Illustrated by Ammiel Mendoza.
You may want to think twice before plunking a lemon into your water or asking the bartender for a twist. HuffPost Healthy Living reported on a study from the National Environmental Association that takes all the freshness out of the beloved citrus fruit. In fact, the results suggested that a bevy of harmful microorganisms are breeding on the flesh and rind. After swabbing 76 lemons at 21 restaurants, researchers found that 70% of them had microbial growth that is theorized to have come from contaminated meat or a restaurant employee (read: not washing their hands).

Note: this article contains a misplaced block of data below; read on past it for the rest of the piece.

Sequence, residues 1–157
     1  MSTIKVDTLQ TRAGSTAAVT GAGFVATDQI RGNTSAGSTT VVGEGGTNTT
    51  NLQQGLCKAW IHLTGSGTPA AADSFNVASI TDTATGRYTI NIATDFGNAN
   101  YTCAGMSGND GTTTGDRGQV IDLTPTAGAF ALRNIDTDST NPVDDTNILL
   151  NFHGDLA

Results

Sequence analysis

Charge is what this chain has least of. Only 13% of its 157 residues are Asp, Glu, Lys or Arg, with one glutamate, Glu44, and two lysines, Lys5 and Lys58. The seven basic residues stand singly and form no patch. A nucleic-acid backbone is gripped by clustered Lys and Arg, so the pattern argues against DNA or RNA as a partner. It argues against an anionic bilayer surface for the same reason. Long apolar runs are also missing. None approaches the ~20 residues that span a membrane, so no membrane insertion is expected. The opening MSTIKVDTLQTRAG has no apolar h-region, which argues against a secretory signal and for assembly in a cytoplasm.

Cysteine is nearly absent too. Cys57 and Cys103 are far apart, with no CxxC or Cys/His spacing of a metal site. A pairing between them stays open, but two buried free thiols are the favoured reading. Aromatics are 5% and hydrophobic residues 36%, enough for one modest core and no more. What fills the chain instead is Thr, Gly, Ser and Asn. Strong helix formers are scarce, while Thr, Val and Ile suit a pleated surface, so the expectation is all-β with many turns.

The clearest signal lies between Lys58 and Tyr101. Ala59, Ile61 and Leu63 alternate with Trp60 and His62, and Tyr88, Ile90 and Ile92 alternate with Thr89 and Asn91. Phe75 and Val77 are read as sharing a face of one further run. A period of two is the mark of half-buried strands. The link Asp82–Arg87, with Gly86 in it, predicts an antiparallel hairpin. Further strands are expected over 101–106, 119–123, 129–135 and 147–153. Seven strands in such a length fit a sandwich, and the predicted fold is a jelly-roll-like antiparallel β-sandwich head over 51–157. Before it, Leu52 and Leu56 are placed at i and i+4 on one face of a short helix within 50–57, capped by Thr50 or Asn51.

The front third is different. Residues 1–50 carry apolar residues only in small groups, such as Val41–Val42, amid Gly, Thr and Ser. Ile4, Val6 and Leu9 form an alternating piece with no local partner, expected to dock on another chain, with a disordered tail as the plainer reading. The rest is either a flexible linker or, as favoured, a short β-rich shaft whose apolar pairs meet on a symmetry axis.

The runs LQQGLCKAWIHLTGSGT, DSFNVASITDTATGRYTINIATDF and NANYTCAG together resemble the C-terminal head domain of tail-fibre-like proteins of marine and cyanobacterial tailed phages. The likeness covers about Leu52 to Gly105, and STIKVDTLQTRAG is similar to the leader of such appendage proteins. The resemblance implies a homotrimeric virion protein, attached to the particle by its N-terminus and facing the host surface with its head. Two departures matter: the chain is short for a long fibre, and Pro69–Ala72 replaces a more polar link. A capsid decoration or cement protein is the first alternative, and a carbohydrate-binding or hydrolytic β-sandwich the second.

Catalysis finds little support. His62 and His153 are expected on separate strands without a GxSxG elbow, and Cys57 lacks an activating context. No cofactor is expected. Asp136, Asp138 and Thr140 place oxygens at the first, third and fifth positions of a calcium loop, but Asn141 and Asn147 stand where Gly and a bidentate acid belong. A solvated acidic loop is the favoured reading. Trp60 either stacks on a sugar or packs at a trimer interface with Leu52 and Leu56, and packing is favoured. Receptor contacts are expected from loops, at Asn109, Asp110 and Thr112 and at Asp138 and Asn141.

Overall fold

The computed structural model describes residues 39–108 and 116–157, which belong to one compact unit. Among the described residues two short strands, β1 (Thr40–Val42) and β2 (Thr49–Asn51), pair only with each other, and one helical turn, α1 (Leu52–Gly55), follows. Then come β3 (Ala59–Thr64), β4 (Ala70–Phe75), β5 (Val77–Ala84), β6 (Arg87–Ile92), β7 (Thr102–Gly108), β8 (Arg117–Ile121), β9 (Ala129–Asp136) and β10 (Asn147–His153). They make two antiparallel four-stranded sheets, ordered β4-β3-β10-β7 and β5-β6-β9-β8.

Philip Tierno, Ph.D., a clinical professor of microbiology and pathology at NYU Langone Medical Center, conducted dozens of experiments on the same level with equally disturbing results. "We found in every single group of specimens from different institutions, representations from the three body sites that men usually impart their flora," Tierno told HuffPost Healthy Living. So, in English, that's bacteria from fecal matter, the respiratory tract (Achoo!), and the skin. But, before you go banning lemons forever, Tierno points out that similar bacteria also breeds on common items like salt and pepper shakers and sandwich garnishes, too. So, here's to hoping you have a strong immune system. (HuffPost Healthy Living)